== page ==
27, July 2009
Apparel retailers are poised to chase consumers in small towns, besides lower operating expenses, while aiming for a balanced presence across markets in a challenging economy.
Exploring the relatively unexplored markets are S Kumars Nationwide, Arvind Ltd, Alok Industries and Welspun India’s Welspun Retail.
As the economic slowdown hurts retailers in large cities, smaller towns are less impacted due to their dependence on agricultural income and independent enterprises.
“The rationale is in fact the tier 2, 3 and 4 cities, the amount of money that is available there and the amount of consumer growth happening there, there is a big shift happening for the consumer, especially in garments,”
Nitin Kasliwal, managing director of S Kumars, said.
S Kumars, known for premium brands such as Reid & Taylor and Belmonte, is launching a ‘mass brand’ for the tier 3 and tier 4 cities at “very reasonable rates,” said Kasliwal.
Rival Arvind, which already has about 30% of its revenue coming from tier 2 and tier 3 cities, plans to locate a significant share of 30 outlets to be added this year in tier 3 cities, said J. Suresh, chief executive, brand and retail.
The company plans to spend about Rs400 million for expansion this year, he said.
Branded apparels and home furnishing maker Alok, owner of the H&A brand, is planning to triple its store count by next March, with a strong focus on the tier 2 and tier 3 cities.
“Once we reach the 300 target, then my share coming from tier 2 and tier 3 cities will be about 75%,” said Umang Garg, vice president, domestic business. It already has outlets in Moga and Firozpur in Punjab, and Latur in Maharashtra.
Welspun Retail, with 200 stores under its ‘Welhome´ brand that targets budget customers in home furnishing category, plans to add 70-80 stores in FY11, with 30% focused on villages.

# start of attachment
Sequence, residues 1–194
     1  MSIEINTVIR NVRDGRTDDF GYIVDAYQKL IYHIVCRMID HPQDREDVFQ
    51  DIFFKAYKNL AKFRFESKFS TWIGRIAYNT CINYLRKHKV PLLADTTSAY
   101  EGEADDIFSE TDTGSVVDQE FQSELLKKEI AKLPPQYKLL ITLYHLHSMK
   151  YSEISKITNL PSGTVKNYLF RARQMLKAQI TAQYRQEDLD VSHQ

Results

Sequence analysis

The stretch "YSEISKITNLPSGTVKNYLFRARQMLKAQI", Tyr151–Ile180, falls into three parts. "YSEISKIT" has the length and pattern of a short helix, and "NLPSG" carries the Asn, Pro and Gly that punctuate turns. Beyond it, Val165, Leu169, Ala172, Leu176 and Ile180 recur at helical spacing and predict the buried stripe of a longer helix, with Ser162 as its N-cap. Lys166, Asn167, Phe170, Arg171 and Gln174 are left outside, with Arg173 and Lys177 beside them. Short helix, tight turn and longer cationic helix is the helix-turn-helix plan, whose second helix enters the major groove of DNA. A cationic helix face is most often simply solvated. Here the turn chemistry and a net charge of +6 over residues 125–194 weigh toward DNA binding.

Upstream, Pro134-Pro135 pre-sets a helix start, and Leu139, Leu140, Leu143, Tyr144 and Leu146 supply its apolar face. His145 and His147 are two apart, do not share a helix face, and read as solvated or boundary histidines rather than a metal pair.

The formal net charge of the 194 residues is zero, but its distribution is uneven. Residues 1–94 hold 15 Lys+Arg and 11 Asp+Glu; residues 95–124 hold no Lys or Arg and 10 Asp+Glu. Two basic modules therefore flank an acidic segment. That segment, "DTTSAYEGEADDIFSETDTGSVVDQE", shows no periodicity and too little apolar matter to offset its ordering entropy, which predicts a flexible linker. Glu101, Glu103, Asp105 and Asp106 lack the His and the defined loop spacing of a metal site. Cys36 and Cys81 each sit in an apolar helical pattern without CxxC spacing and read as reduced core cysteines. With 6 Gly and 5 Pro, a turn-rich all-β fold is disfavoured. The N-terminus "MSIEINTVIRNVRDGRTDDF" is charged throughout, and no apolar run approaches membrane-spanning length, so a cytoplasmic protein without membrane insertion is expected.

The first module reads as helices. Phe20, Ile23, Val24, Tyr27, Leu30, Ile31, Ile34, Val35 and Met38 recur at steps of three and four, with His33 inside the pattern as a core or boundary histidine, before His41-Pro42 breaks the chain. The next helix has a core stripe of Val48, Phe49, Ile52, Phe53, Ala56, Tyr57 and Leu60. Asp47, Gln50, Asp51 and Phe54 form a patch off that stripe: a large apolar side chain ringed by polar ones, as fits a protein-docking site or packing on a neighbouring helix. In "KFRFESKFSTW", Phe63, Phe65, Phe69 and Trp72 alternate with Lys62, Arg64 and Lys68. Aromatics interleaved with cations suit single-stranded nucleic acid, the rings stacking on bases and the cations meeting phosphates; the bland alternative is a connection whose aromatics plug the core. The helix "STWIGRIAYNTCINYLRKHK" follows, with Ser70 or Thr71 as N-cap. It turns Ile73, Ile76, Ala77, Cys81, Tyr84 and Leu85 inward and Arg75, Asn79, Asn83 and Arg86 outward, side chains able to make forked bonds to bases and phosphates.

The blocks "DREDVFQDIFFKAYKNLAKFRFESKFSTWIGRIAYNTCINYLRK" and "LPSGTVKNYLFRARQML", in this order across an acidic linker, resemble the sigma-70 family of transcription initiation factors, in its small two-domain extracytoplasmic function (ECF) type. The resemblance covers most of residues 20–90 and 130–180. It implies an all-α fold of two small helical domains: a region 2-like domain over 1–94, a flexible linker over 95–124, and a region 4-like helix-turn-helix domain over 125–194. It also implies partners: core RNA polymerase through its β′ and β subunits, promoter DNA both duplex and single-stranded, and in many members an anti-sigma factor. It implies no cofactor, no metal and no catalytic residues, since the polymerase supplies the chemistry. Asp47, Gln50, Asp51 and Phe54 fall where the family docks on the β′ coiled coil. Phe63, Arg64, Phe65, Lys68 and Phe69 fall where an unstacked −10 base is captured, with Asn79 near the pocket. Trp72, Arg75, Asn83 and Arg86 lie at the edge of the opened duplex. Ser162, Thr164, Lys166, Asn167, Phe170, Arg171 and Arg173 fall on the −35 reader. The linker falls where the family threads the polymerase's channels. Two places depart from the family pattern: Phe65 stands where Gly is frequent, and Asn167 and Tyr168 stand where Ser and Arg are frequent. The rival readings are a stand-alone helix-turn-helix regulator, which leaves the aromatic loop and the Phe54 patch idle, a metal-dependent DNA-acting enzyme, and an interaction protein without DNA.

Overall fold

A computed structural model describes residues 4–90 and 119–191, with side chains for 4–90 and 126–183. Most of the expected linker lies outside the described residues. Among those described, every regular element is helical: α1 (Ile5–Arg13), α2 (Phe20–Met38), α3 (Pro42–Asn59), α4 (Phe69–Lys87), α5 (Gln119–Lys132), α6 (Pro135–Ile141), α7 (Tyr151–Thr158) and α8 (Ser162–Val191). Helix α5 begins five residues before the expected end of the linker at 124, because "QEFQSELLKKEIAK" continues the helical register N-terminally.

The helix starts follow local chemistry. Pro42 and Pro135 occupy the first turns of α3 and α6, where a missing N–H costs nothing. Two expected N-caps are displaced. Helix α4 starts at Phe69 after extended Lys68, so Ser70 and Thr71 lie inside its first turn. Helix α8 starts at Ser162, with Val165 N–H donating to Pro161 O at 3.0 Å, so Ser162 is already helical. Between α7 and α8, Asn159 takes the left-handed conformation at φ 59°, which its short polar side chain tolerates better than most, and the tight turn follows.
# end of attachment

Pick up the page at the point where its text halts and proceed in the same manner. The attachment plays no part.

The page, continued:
Besides the potential of the markets in the interior, it is also a balancing act for companies wanting to mark their presence in different markets to leave no consumer untapped.
“For long term perspective…it makes immense sense for us to be in all strata of the markets, of course with different brands,” said Kasliwal.
As big brands target budget consumers with value-pricing range, firms believe brand awareness is growing in small towns.
“The market is evolving, today if I make inroads, that would pay dividends tomorrow,” said Welspun Retail director Dipali Goenka.
“There are lots of towns and cities where companies don’t have the distribution reach or retail presence. That is a new market for them,” Devangshu Dutta, Chief Executive, Third Eyesight, said.
Skyrocketing rentals in big cities also makes moving to tier 2 and tier 3 cities attractive.
High rentals in big cities make even covering the cost of merchandise difficult, while small towns give 8-12 times of the rent in returns, said Alok’s Garg.
“You can have a profitable business by opening more shops in smaller towns with lower rentals.”